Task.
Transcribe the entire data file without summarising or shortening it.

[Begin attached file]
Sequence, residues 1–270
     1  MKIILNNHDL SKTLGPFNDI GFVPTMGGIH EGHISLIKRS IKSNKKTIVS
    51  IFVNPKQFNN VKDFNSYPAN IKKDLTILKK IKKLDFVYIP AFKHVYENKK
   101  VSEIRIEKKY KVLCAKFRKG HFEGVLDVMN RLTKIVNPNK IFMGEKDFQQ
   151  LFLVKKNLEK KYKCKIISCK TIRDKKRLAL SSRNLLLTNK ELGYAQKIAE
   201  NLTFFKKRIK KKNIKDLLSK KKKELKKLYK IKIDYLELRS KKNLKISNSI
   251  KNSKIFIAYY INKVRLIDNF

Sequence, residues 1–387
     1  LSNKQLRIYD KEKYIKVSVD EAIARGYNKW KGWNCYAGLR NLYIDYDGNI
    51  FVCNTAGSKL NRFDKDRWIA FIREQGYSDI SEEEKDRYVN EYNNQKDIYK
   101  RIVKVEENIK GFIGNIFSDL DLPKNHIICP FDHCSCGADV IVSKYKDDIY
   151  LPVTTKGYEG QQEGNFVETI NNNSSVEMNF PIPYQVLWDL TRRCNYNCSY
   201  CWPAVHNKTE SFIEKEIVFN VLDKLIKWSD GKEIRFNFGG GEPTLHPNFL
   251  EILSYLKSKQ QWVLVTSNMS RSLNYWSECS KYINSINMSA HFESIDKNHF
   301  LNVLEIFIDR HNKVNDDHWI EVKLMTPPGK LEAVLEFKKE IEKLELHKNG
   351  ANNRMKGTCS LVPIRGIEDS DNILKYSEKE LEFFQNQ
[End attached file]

Sequence, residues 1–270
     1  MKIILNNHDL SKTLGPFNDI GFVPTMGGIH EGHISLIKRS IKSNKKTIVS
    51  IFVNPKQFNN VKDFNSYPAN IKKDLTILKK IKKLDFVYIP AFKHVYENKK
   101  VSEIRIEKKY KVLCAKFRKG HFEGVLDVMN RLTKIVNPNK IFMGEKDFQQ
   151  LFLVKKNLEK KYKCKIISCK TIRDKKRLAL SSRNLLLTNK ELGYAQKIAE
   201  NLTFFKKRIK KKNIKDLLSK KKKELKKLYK IKIDYLELRS KKNLKISNSI
   251  KNSKIFIAYY INKVRLIDNF

Sequence, residues 1–387
     1  LSNKQLRIYD KEKYIKVSVD EAIARGYNKW KGWNCYAGLR NLYIDYDGNI
    51  FVCNTAGSKL NRFDKDRWIA FIREQGYSDI SEEEKDRYVN EYNNQKDIYK
   101  RIVKVEENIK GFIGNIFSDL DLPKNHIICP FDHCSCGADV IVSKYKDDIY
   151  LPVTTKGYEG QQEGNFVETI NNNSSVEMNF PIPYQVLWDL TRRCNYNCSY
   201  CWPAVHNKTE SFIEKEIVFN VLDKLIKWSD GKEIRFNFGG GEPTLHPNFL
   251  EILSYLKSKQ QWVLVTSNMS RSLNYWSECS KYINSINMSA HFESIDKNHF
   301  LNVLEIFIDR HNKVNDDHWI EVKLMTPPGK LEAVLEFKKE IEKLELHKNG
   351  ANNRMKGTCS LVPIRGIEDS DNILKYSEKE LEFFQNQ